Short-form chamber opera appears to be the wave of the operatic future. So the Washington National Opera’s American Opera Initiative, which commissions 20-minute operas and hour-long operas from rising composers, would appear to be atop the crest. The company presented its fourth annual crop of three 20-minute operas at the Terrace Theater on Wednesday night.
Inevitably, these short pieces are uneven; that I wasn’t as excited by this year’s crop as I was by last year’s is a matter of chance rather than the program’s quality. Short opera allows young composers to work out the kinks of their approach: All three of Wednesday’s operas felt as if they were on a learning curve. It’s also a chance to experiment and break out of the grand-opera mold, but when an opera company is the commissioner, it’s perhaps no surprise that the works can tend to default to the aesthetic indicated by David Gockley, currently in his last season as general director of the San Francisco Opera, when he recently described mainstream opera as “a bourgeois art form.”
First question: How do you cram an opera into 20 minutes? Composer Sarah Hutchings and librettist Mark Sonnenblick answered this, in “Twenty Minutes or Less,” by setting their work in a pizza parlor that guarantees delivery within that time frame. Hutchings wrote appealingly for instruments, with a sinuous muted trombone adding a big-band flavor, but needed work setting the text so that it could be understood; some of the cute humor of Sonnenblick’s libretto was lost, though the broad strokes of it (such as the franchise owner’s orgiastic hymn to pizza) were unmistakable. Dramatically, the piece ended with a huge and uncertain surprise, in which new employee Osha, while rushing to make a delivery, hits something or someone with her car and then drives off to perhaps kill herself, or perhaps not. This clearly would be hard to stage even in a full performance, let alone a concert version.
With “Alexandra,” composer David Clay Mettens and librettist Joshua McGuire presented an appealing vignette in which a widow, returning a book her late husband took from his college library years ago, stumbles upon the decades-old notes of two male lovers in 1942, whose furtive love story ended when one went off to war. It was a bittersweet piece set to fragmented music: Here, the words came through, but the music was a little muted.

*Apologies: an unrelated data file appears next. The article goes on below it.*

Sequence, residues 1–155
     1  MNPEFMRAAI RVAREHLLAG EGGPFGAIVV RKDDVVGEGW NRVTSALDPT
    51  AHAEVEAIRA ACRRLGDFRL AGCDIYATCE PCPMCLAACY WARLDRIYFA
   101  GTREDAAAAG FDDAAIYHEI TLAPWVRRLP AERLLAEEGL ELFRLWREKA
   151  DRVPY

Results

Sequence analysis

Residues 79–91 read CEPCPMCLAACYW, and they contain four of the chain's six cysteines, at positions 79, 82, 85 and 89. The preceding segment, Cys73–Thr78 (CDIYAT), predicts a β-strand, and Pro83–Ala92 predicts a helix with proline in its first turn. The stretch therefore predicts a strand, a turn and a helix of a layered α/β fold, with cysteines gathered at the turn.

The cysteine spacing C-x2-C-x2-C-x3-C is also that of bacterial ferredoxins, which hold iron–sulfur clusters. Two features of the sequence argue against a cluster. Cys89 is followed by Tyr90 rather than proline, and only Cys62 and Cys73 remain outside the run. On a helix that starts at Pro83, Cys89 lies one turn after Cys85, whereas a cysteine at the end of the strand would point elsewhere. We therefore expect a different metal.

The crowd-pleaser was “Service Provider” by Christopher Weiss and John de los Santos, a sketch about a couple whose anniversary dinner in a restaurant is compromised by the wife’s constant texting and the husband’s lover’s subsequent intrusion. The main role here, unexpectedly, was that of the effete waiter, Dallas, who lingers lovingly over long descriptions of fare that nobody is particularly interested in eating: musically and dramatically more interesting and less cliched than the situation and the instrumental evocations of ringing phones.
The young members of the Domingo-Cafritz Young Artist Program did themselves proud. The bass Wei Wu, as one of the men in “Alexandra,” sang with warmth and feeling; Daryl Freedman, a mezzo, stood out in her first WNO stage outings as both Osha in the first piece and the texting wife, Autumn, in the last; Leah Hawkins showed her big, full, tactile voice to advantage as Alexandra; and Rexford Tester had a lot of fun as the prissy Dallas, among other strong performances.
The next production of WNO’s American Opera Initiative is the hour-long “Better Gods,” on Jan. 8 and 9.